- I found a rat study looking at the effect of fermented sugar beet fiber on cholesterol. To make the rats’ food, they fermented sugar beet fiber with rat cecum bacterial contents in a fermentation jar. The fermented “food” they made for the rats had higher levels of short chain fatty acids (including butyrate). (Umm. Is that how you make your sauerkraut? Maybe we need to use their starter? Makes you look at a Pickl-it-Jar in a whole new way…) (7)
- Kombucha. I found a site called Happy Herbalist with a post called “Analysis of the Kombucha Ferment.” It lists butyrate (butanoic acid) as a potential substance in kombucha. But I couldn’t determine the source of this information. If you’re interested in kombucha, here’s a link to a research article about it. Nothing about butyrate in it, though: Changes in major componnets of tea fungus metabolites during prolonged fermentation. In addition, I found something called “Teapedia.” It also lists butyric acid as a potential component of kombucha: Kombucha.
So as far as fermented foods go and butyrate, I think there probably is a tad in some. Not much, if any, in the sauerkraut, kimchi, and pickles I eat. If there’s a strong smell like parmesan cheese or stinky locker room, there’s probably a good chance there’s butyrate there. Trust your nose.
Does butyrate in what you eat even make a difference? If you surf around regarding oral butyrate (either via food or via supplements), you’ll see concern about how butyrate does not make it to the colon. It seems to be important to have butyrate actually physically in the colon. (8,9,10) Many human studies on oral butyrate use an enteric coated formulation so it can make it all the way to the colon (11). Two things cross my small mind here:
- Although most butyrate seems to be absorbed by the small intestine, the absorption of butyrate is “saturable,” meaning at some point the transport of butyrate will become overwhelmed and butyrate can scoot on by to make it unabsorbed to the colon. (12,13)
- It appears that the butyrate that is absorbed makes it to the blood for beneficial effects, even on the colon, and this seems beneficial to the body, too. From a study looking at short chain fatty acids (SCFAs) and butyrate on mice with induced colitis: “It is now clear that the trophic [positive growth] effect of SCFA is due not only to the simple provision of energy to the host but also to the combination of local action and systemic metabolism of SCFA…We have demonstrated that this protection can be obtained by oral doses of SCFA.” (emphasis mine)(14)
Point one makes me think that if enough butyrate is taken through foods, there is a point at which absorption is overcome and so some butyrate does actually make it to the colon. Point two makes me think that even if it does get all absorbed, even that which is absorbed makes a difference both to the entire body and to the colon.
If you can’t eat dairy. Don’t despair. The next post will look at butyrate producing foods we can eat.
Take good care.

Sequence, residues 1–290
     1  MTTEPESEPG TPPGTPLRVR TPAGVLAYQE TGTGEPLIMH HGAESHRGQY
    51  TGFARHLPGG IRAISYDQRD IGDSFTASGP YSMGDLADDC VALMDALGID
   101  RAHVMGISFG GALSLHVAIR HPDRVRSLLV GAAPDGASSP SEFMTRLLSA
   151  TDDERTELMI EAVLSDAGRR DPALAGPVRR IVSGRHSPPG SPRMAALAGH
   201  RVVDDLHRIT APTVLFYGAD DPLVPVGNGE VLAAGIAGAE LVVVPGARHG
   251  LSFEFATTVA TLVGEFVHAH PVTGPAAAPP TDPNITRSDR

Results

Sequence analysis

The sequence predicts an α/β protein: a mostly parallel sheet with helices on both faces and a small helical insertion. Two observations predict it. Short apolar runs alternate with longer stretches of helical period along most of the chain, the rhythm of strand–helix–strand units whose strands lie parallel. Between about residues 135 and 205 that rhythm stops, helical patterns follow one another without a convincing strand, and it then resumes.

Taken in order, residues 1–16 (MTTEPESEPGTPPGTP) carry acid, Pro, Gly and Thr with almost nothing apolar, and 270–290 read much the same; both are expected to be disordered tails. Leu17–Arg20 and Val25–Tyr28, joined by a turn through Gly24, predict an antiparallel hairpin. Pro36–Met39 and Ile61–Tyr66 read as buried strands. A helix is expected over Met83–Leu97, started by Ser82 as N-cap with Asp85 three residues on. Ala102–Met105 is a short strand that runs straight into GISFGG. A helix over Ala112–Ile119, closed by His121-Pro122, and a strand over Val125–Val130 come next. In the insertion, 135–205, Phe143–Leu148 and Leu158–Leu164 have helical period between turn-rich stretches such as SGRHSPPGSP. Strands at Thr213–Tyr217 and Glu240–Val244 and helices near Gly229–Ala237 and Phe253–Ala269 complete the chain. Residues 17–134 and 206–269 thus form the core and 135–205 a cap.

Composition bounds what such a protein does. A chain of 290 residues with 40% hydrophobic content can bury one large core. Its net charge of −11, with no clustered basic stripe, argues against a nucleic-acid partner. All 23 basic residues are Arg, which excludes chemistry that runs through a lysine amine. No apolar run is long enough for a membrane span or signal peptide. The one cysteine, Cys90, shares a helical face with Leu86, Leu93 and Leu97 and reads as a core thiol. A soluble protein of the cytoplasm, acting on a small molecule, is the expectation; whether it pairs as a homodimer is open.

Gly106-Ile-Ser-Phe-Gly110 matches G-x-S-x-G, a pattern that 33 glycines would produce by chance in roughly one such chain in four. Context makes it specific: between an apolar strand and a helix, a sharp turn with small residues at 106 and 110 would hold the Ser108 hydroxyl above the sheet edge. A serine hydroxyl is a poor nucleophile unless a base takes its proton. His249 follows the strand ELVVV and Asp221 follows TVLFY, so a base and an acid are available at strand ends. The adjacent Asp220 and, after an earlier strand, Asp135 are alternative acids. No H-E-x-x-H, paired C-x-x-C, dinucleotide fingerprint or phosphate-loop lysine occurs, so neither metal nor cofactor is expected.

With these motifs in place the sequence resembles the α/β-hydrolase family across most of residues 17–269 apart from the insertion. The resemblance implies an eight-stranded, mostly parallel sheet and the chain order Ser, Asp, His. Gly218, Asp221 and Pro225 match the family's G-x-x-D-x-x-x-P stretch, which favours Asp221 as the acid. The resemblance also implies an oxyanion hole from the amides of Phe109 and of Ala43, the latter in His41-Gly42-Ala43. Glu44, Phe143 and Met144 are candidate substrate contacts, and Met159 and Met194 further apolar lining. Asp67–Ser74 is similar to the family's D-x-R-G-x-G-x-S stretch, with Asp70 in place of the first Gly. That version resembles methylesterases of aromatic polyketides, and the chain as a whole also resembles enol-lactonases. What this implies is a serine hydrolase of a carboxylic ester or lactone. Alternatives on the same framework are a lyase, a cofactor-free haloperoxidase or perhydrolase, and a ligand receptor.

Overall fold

Sources: (Most sources can be found in entirety or in significant portions on-line if you look for links to PDF files or look for little boxes that say “Full text.”)
- Milk Fats: http://www.cyberlipid.org/glycer/glyc0073.htm
- Understanding the Ruminant Animal Digestive System from Mississippi State University Extension Service: http://msucares.com/pubs/publications/p2503.pdf
- Foods High in Butyric Acid: http://wholefoodcatalog.info/nutrient/butyric_acid/foods/high/
- The Ambiguity of a Pat of Butter: http://www.ochef.com/1460.htm
- Butyric Acid Content of Food: http://wholefoodcatalog.info/nutrient/butyric_acid/foods/
- Chemical and Sensory Characterization of Commercial Sauerkraut. Trail, Young, Fleming, and McFeeters. Journal of Food Quality. 1996. 19: pp. 15-30. http://www.ncsu.edu/foodscience/USDAARS/Acrobatpubs/P254-286/P258.pdf
- Fermentation Products of Sugar-Beet Fiber by Cecal Bacteria Lower Plasma Cholesterol Concentration in Rats. Hara, Haga, Kasai, and Kiriyama. The Journal of Nutrition. April 1998. 128:4 (688-698). http://jn.nutrition.org/content/128/4/688.full
- Butyrate and the Colonocyte. Velazquez, Lederer, and Rombeau. Digestive Diseases and Sciences. April 1996. 41: 4(727-739). http://link.springer.com/article/10.1007/BF02213129
- http://www.ncbi.nlm.nih.gov/pmc/articles/PMC3070119/ Potential effects of butyrate on intestinal and extraintestinal disease.
- Short-chain fatty acid formation at fermentation of indigestible carbohydrates. Henningsson, Bjorck, and Nyman. Scandinavian Journal of Nutrition. 2001. 45: 165-168.
- Oral butyrate for mildly to moderately active Crohn’s disease. Sabatino et al. Aliment Pharmacol Ther. 2005 Nov 1;22(9):789-94 http://www.ncbi.nlm.nih.gov/pubmed/16225487
- Absorption of short chain fatty acids from the human ileum. Schmitt, Konrad, et al. Digestive Diseases. 1977. 22:4 (340-347). http://link.springer.com/article/10.1007/BF01072192#page-1 STEFF, MEMS
- Absorption of short chain fatty acids from the human jejunum. Schmitt, Soergel, and Wood. Gastroenterology. February 1976. 70: 2 (211-215). http://www.gastrojournal.org/article/S0016-5085(76)70032-5/abstract
- Protection by Short-Chain Fatty Acids against 1-B-D-Arabinofuranosylcytosine-Induced Intestinal Lesions in Germfree Mice. Ramos, Bambirra, Nicoli, Cara, Vieira, and Alvarez-Leite. Antimicrob Agents Chemother. April 1999. 43:4(950-953). http://aac.asm.org/content/43/4/950.full